The social democratic consensus of the followers of the Trinity Glorieuse or its French equivalent was already based on strong economic growth and the national character of the economy. In this context, the struggle for wealth sharing between capital and labor allowed everyone to share in the fruits of growth. The employers had to concede to the employees a share of the additional wealth produced, but the company kept a share of it as well for its investments and the distribution of profits to its owners. As long as there is growth and businesses are forced to stay within the national framework through restrictions on the movement of capital and goods, the social democratic settlement has worked. Until the 1980s, it worked well for the workers.
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This explains why, since the 1980s, on the initiative of Ronald Reagan and Margaret Thatcher, the capitalist powers have done everything in their power to impose a new economic order based on the liberalization of capital movements, generalized free trade, and the destruction of social protection. In short, neoliberal globalization. To put it more simply, when a manager can move a factory without too much difficulty, when the owner is a pension fund, when you can put the employees of one continent in competition with the employees of another, there is more room for social democracy.
Let us also not forget that the social democratic settlement ignores the price that nature and climate pay for economic growth. Productivity is another condition for the negotiated division between capital and labour. Capital accepts wage increases more easily when the increasingly brutal exploitation of environmental resources allows it to maintain its rates of profit. We now know what environmental catastrophe it led us to. This is an additional and essential reason why it is impossible today to reproduce the solutions of the past.
Fabien Roussel in front of Benoit Hamon: “The Benefits”, Left and Action
In light of this, we better understand the successive failures of the “Social Democratic” Social Democratic Party, which is not a personal or personal problem, but a strategic one. This impasse ended up damaging the label, in my eyes emphatically, by affixing it to a politics which, in a caricature of François Hollande’s time, ceased to be nothing more than a rather brutal modification of the neoliberal order. So why go back to the failed model? In the coming years, can a revived social democracy have any other program than social ambition reduced to a few, lacking the means to impose it on transnational financial capital? However, the balance of power must be built against this adversary for a better distribution of wealth and maintenance of conditions of survival on earth.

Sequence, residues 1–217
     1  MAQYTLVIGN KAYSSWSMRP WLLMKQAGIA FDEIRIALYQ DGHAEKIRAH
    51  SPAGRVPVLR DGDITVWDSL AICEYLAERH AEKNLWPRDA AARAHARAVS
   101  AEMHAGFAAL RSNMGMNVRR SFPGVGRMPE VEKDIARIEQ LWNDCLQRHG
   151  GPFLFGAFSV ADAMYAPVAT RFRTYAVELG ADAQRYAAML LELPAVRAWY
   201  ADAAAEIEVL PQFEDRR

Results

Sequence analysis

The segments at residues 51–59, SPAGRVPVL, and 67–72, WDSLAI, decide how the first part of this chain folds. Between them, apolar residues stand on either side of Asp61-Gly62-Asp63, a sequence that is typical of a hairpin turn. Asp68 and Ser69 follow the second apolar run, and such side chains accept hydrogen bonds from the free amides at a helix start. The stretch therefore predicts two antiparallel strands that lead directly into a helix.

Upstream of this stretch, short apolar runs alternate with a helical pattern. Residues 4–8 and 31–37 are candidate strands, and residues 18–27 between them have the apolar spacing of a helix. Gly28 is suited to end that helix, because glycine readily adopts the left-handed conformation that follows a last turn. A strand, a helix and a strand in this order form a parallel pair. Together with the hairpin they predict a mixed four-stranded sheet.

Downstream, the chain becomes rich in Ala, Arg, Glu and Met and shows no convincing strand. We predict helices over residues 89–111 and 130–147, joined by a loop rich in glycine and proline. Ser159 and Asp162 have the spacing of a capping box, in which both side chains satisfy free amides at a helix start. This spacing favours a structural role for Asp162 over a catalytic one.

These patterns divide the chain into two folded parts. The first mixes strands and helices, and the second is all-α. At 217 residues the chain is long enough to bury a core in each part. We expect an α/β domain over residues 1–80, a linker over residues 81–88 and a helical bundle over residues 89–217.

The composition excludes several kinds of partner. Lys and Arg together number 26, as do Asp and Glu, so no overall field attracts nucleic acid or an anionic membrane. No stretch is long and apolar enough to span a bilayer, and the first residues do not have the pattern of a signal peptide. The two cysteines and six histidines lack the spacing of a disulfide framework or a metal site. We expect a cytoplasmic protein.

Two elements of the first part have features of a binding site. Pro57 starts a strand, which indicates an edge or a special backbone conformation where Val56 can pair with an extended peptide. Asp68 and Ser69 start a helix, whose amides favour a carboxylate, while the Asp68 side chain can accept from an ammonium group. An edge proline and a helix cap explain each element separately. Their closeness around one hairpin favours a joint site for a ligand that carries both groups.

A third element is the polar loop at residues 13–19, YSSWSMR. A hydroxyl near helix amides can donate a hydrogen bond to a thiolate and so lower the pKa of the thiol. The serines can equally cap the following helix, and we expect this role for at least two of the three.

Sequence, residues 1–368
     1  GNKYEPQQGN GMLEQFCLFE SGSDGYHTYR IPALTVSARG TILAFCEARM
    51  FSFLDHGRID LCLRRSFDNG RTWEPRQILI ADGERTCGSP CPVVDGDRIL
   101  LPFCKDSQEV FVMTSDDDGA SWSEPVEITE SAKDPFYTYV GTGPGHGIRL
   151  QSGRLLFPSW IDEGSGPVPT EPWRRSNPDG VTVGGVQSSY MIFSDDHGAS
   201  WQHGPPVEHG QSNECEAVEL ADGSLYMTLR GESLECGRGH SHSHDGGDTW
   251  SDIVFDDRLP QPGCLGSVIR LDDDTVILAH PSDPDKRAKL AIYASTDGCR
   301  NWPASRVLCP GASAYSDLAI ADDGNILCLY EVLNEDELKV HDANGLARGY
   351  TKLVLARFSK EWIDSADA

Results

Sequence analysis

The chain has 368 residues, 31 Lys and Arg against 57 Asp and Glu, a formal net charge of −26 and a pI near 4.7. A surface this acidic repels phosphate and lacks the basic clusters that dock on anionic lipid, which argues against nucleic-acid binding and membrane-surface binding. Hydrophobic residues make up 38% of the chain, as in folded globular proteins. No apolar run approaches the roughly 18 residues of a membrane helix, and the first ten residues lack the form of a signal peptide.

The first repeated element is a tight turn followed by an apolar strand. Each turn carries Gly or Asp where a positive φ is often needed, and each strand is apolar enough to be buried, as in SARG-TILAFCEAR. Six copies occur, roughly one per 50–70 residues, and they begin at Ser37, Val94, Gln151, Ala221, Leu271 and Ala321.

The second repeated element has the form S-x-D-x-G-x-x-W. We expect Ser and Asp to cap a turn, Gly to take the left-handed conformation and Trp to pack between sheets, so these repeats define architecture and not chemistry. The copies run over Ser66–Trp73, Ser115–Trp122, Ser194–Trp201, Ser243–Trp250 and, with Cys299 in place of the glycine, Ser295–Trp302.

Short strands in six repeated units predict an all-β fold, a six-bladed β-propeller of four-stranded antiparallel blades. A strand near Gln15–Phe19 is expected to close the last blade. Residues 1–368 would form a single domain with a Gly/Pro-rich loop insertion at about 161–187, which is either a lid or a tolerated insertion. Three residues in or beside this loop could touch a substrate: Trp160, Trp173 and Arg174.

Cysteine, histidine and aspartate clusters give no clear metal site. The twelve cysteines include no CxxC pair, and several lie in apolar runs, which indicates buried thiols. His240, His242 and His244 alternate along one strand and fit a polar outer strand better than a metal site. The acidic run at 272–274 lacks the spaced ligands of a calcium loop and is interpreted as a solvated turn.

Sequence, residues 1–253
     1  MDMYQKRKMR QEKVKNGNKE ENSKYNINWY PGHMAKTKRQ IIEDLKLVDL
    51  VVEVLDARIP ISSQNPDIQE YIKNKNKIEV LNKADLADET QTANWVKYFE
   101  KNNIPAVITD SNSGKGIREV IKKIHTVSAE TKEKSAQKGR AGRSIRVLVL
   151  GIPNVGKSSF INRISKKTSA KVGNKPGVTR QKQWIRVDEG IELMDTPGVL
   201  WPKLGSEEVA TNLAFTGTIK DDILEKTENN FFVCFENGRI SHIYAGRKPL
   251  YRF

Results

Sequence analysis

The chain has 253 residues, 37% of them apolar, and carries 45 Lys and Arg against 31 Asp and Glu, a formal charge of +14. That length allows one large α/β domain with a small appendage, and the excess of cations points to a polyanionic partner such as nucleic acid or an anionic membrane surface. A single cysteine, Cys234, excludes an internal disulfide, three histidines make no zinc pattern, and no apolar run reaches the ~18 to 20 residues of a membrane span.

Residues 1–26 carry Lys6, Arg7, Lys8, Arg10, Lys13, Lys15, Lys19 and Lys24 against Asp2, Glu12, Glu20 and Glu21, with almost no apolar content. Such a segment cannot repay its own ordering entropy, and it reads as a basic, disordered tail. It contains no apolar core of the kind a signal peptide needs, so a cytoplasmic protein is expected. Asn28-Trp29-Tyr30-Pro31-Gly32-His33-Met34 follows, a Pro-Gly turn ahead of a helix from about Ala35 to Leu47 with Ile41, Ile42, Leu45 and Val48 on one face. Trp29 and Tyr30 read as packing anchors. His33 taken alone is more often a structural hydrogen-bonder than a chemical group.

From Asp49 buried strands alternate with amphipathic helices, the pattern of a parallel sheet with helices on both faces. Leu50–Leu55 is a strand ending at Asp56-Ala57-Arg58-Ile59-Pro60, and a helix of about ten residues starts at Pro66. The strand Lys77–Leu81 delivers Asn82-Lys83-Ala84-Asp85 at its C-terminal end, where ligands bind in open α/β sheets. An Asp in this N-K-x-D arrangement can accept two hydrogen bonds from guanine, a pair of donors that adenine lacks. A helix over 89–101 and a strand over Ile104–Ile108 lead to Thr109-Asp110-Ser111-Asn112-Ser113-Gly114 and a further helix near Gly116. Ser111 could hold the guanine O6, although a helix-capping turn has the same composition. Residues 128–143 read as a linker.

In addition to a false ecological understanding, the social democratic method finally suffers from another major flaw: it ignores, or at least underestimates, democratic determinism. However, this is the lock that must be unlocked for future victories. Can we hope to change people’s lives as more and more citizens distance themselves from democratic life and elections because they have, and not without reason, a sense that they are ignored by the institutions that are supposed to represent them? We will not succeed in imposing a better distribution of wealth, or environmental planning, or transferring the economy and production, without a long-term political mobilization of the entire population. To bring citizens back into political action, it will not be enough for them to appear as those who show the greatest sympathy, or who judge the program of actions—by whom, anyway? – the most “realistic” or the most capable of attracting cunning hypothetical left-wing voters. no.